Kabul conference marks transition to Afghan leadership

Afghan President Karzai and UN chief Ban Ki-moon are to chair the conference.

Kabul: Afghanistan is set to host a key international conference in Kabul on Tuesday, aiming to chart a course for the war-torn country`s future and show supporters it is acting on past pledges.

The July 20 conference is being billed as a bid by the Afghan government to start a process of transition from dependence on Western backers to running the country alone and responsibly.

"The conference has two major goals -- one is to demonstrate Afghan political will and a concrete programme of action," Ashraf Ghani, conference organiser and a former presidential candidate, said.

"The second is to ask for realignment of the assistance so generously provided by the international community, to achieve our common objectives of a stable, secure and democratic Afghanistan."

Afghan President Hamid Karzai and UN chief Ban Ki-moon are to chair the conference, to be attended by up to 70 international representatives, including about 40 foreign ministers -- led by US Secretary of State Hillary Clinton.

While officials are adamant it is not a donors` conference, officials have said the United States, Britain and Japan could add billions of dollars to their existing commitments.

Karzai is expected to lay out a timeframe for Afghan police and military to take responsibility for security, allowing foreign combat troops to withdraw by the end of 2014, Western diplomats said.

Afghan officials are set to present proposals covering governance, economic and social development, rule of law and justice, human rights, peace and reconciliation, regional and global partnerships, and aid effectiveness.

Diplomats have said the Afghan government will also present progress reports, outlining achievements using international donor funds to rebuild the country since the Taliban regime was overthrown in late 2001.

The conference would mark another phase in what is now being called the "Kabul process", a series of conferences and other milestones such as elections charting the transition to Afghan leadership, a Western diplomat said.

"This process will help articulate a vision for Afghanistan, living in peace with itself and its neighbours," he said.

"The aspiration is to take the lead in identifying what Afghanistan has and what potential it has," he said, speaking on condition of anonymity.

Central to this process, Ghani said, is a commitment from the international community to grant the Afghan government control of 50 percent of all donor funds within two years.

"This of course requires significant changes in public financial management, accountability and transparency from the Afghan government`s side," he said.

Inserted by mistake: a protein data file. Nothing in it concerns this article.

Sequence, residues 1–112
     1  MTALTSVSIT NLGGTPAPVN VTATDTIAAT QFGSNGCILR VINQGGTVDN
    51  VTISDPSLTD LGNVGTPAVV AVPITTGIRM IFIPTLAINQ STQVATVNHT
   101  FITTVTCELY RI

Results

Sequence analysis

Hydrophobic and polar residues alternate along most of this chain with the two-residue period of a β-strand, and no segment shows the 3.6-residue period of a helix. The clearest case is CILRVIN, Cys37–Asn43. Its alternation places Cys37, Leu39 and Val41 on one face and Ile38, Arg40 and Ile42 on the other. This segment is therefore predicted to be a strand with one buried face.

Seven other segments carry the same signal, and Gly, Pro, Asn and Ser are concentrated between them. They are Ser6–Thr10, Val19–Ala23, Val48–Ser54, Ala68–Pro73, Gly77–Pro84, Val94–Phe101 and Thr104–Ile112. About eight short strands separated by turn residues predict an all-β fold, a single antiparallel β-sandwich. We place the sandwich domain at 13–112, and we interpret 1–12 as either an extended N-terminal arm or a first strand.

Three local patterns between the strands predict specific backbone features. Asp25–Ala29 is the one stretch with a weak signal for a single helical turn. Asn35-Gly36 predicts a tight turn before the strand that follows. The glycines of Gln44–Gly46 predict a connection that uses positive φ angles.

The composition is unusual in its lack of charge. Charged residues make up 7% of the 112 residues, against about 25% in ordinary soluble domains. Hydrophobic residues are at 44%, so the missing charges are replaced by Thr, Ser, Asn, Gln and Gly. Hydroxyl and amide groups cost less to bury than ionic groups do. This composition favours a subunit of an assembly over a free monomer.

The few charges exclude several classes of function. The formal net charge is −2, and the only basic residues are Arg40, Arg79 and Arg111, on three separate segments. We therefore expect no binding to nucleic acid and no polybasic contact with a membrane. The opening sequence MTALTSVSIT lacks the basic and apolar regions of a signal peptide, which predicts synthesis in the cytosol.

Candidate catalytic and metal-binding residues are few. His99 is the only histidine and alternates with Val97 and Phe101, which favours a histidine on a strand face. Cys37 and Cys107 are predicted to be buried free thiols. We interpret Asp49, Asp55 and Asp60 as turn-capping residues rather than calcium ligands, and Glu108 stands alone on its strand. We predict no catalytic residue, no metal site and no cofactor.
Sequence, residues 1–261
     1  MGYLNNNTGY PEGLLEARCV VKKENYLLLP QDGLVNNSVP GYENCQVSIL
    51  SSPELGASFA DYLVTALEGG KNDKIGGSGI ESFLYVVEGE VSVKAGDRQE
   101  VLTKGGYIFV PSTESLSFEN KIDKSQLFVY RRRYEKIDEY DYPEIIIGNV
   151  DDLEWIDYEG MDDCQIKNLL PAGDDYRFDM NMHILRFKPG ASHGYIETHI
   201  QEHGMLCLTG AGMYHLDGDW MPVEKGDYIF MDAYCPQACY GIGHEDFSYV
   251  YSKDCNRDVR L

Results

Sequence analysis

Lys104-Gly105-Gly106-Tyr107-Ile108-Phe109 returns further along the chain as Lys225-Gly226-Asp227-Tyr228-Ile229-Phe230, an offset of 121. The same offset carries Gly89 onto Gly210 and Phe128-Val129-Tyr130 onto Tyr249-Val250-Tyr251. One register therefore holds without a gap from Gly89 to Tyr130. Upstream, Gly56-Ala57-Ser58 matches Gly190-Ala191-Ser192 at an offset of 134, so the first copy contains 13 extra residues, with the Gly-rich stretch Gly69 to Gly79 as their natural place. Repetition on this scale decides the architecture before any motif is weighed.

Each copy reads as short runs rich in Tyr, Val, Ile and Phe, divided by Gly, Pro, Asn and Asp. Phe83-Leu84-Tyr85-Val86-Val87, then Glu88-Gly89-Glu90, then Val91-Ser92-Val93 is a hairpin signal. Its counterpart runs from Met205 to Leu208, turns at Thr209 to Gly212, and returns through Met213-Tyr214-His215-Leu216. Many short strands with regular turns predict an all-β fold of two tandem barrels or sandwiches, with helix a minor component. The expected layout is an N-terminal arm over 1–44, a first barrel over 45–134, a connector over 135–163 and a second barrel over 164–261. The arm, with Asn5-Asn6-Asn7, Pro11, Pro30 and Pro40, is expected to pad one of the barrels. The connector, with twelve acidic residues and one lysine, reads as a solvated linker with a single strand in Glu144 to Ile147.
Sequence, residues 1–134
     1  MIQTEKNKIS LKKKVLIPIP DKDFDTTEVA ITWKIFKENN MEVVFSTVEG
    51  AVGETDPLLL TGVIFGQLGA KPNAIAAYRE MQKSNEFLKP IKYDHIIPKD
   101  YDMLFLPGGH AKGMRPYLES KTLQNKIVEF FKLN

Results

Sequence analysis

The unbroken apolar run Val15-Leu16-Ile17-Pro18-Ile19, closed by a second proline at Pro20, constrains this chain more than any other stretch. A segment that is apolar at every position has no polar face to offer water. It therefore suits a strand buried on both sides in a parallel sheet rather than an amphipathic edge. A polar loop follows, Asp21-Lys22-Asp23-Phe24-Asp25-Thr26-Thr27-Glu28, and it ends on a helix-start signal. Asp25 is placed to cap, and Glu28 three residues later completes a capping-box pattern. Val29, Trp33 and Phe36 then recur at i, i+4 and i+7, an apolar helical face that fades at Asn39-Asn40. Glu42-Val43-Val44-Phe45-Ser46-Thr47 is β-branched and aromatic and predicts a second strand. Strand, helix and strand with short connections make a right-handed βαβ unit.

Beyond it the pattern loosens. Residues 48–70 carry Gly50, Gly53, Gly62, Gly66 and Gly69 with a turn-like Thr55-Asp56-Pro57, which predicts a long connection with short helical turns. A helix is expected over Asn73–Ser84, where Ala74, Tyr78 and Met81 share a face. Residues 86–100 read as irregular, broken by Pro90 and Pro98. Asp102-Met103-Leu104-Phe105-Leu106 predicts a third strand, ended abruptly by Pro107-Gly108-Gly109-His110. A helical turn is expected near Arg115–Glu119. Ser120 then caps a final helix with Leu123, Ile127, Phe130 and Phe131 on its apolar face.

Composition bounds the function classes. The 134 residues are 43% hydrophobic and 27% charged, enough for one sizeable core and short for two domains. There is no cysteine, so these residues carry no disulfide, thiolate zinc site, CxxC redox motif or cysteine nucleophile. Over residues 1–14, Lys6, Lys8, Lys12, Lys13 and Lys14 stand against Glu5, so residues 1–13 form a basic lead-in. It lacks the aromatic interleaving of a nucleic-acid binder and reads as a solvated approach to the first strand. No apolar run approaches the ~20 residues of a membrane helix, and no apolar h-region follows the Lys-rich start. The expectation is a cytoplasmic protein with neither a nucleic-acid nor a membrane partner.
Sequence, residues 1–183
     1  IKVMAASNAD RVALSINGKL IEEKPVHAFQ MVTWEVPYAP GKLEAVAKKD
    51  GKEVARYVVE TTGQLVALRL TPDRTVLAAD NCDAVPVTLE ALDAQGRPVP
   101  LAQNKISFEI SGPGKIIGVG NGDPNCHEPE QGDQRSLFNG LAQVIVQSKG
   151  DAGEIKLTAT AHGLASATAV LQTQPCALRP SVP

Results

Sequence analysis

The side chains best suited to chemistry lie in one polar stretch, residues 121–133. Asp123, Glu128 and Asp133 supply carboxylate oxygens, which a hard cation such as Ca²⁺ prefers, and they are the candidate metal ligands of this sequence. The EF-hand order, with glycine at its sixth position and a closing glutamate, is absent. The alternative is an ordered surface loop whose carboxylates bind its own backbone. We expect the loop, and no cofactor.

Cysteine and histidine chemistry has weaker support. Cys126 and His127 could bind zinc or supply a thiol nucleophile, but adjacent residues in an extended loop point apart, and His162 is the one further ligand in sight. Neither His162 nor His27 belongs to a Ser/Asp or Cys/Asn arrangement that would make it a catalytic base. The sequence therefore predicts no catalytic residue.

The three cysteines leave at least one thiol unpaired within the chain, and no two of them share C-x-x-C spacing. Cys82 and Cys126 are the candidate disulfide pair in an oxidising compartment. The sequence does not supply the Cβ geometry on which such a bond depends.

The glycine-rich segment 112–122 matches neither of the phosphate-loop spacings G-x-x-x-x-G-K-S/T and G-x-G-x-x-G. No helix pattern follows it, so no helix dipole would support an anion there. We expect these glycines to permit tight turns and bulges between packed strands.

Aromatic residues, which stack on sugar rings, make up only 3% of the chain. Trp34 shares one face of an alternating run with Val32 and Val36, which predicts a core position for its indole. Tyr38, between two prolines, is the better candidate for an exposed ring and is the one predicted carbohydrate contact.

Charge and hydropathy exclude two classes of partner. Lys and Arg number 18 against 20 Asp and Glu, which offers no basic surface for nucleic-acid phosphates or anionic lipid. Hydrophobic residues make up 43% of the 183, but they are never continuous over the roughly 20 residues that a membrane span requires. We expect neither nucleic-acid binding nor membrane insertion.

Since the Taliban regime was overthrown, only 20 percent of pledged funds -- of an estimated total of USD 40 billion -- had been channelled through the Afghan budget, leading to profound levels of corruption among the rest.

Ghani said Afghan corruption, while "intolerable and unacceptable”, did not involve aid money but drugs, land and commodities imports.

"Eighty percent has been the responsibility of donors, they have spent the money. There has been a lot of inefficiency in the use of that money.”

"Where is the accountability of the UN agencies, where is the disclosure of what they have spent their money on? It`s not a blame game, it`s a question of accountability," he said.

Trust funds would be set up and managed by international financial institutions to ensure adequate monitoring, he added.

Western nations are under increased public pressure to justify their aid and military commitments to one of the world`s most corrupt countries.

US President Barack Obama and British Prime Minister David Cameron have said they want to pull out troops, the Americans from July next year, the British within five years.

Recent revelations that billions of dollars had been transferred out of the country -- much of it in suitcases declared to customs at Kabul airport -- have further unnerved Western leaders with their eyes on public opinion polls.

Ghani said Afghanistan was seen in the West through a prism of violence and corruption, while advances in areas such as health, education and infrastructure were overlooked.

"The other Afghanistan, the Afghanistan of hope, of entrepreneurship, of decency doesn`t get reflected," he said.

"We are at a time of unique opportunity to get Afghanistan right."

Bureau Report

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